How Unrestricted Outdoor Play Makes for Strong, Confident, and Capable Children

Author: Angela J. Hanscom

Publisher: New Harbinger Publications

ISBN: 1626253757

Category: Family & Relationships

Page: 240

View: 2489

In this important book, a pediatric occupational therapist and founder of TimberNook shows how outdoor play and unstructured freedom of movement are vital for children’s cognitive development and growth, and offers tons of fun, engaging ways to help ensure that kids grow into healthy, balanced, and resilient adults. Today’s kids have adopted sedentary lifestyles filled with television, video games, and computer screens. But more and more, studies show that children need “rough and tumble” outdoor play in order to develop their sensory, motor, and executive functions. Disturbingly, a lack of movement has been shown to lead to a number of health and cognitive difficulties, such as attention deficit/hyperactivity disorder (ADHD), emotion regulation and sensory processing issues, and aggressiveness at school recess break. So, how can you ensure your child is fully engaging their body, mind, and all of their senses? Using the same philosophy that lies at the heart of her popular TimberNook program—that nature is the ultimate sensory experience, and that psychological and physical health improves for children when they spend time outside on a regular basis—author Angela Hanscom offers several strategies to help your child thrive, even if you live in an urban environment. Today it is rare to find children rolling down hills, climbing trees, or spinning in circles just for fun. We’ve taken away merry-go-rounds, shortened the length of swings, and done away with teeter-totters to keep children safe. Children have fewer opportunities for unstructured outdoor play than ever before, and recess times at school are shrinking due to demanding educational environments. With this book, you’ll discover little things you can do anytime, anywhere to help your kids achieve the movement they need to be happy and healthy in mind, body, and spirit.
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How Unrestricted Outdoor Play Makes for Strong, Confident, and Capable Children

Author: Angela J. Hanscom

Publisher: N.A

ISBN: 9781626253735

Category: Family & Relationships

Page: 240

View: 4439

Today s kids have adopted sedentary lifestyles filled with television, video games, and computer screens. But more and more, studies show that children need rough and tumble outdoor play in order to develop their sensory, motor, and executive functions. In this important book, a pediatric occupational therapist explains why unrestrained movement and outdoor play are "vital" for children s cognitive development, and offers fun, engaging activities to help ensure that kids grow into healthy, balanced, and resilient adults."
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How Unrestricted Outdoor Play Makes for Strong, Confident, and Capable Children

Author: Angela J. Hanscom

Publisher: New Harbinger Publications

ISBN: 1626253749

Category: Family & Relationships

Page: 240

View: 3724

In this important book, a pediatric occupational therapist and founder of TimberNook shows how outdoor play and unstructured freedom of movement are vital for children’s cognitive development and growth, and offers tons of fun, engaging ways to help ensure that kids grow into healthy, balanced, and resilient adults. Today’s kids have adopted sedentary lifestyles filled with television, video games, and computer screens. But more and more, studies show that children need “rough and tumble” outdoor play in order to develop their sensory, motor, and executive functions. Disturbingly, a lack of movement has been shown to lead to a number of health and cognitive difficulties, such as attention deficit/hyperactivity disorder (ADHD), emotion regulation and sensory processing issues, and aggressiveness at school recess break. So, how can you ensure your child is fully engaging their body, mind, and all of their senses? Using the same philosophy that lies at the heart of her popular TimberNook program—that nature is the ultimate sensory experience, and that psychological and physical health improves for children when they spend time outside on a regular basis—author Angela Hanscom offers several strategies to help your child thrive, even if you live in an urban environment. Today it is rare to find children rolling down hills, climbing trees, or spinning in circles just for fun. We’ve taken away merry-go-rounds, shortened the length of swings, and done away with teeter-totters to keep children safe. Children have fewer opportunities for unstructured outdoor play than ever before, and recess times at school are shrinking due to demanding educational environments. With this book, you’ll discover little things you can do anytime, anywhere to help your kids achieve the movement they need to be happy and healthy in mind, body, and spirit.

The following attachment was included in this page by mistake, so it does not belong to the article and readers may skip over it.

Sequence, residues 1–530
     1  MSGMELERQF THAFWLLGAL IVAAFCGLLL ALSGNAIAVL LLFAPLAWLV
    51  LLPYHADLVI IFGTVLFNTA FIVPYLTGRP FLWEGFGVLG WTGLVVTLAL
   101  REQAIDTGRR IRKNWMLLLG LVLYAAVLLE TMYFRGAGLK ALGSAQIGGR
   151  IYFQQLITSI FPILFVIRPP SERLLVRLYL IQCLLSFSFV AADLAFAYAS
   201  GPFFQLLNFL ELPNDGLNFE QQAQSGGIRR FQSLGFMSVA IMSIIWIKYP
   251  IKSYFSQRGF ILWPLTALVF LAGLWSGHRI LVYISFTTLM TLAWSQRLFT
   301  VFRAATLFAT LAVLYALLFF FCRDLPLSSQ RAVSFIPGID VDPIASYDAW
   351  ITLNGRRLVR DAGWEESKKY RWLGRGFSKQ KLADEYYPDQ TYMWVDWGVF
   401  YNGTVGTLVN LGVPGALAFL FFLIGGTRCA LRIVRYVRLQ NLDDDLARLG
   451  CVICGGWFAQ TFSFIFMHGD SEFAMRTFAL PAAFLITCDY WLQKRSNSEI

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The Art and Science of Falling in Love with Nature

Author: Scott D. Sampson

Publisher: Houghton Mifflin Harcourt

ISBN: 0544279328

Category: Family & Relationships

Page: 352

View: 8384

The beloved host of PBS Kids' Dinosaur Train presents an activity-complemented guide for caregivers and teachers on how to alleviate common childhood challenges by forging strong connections between children and nature. 25,000 first printing.
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52 Activities to Help You and Your Kids Discover the Wonders of Nature

Author: Jennifer Ward

Publisher: Shambhala Publications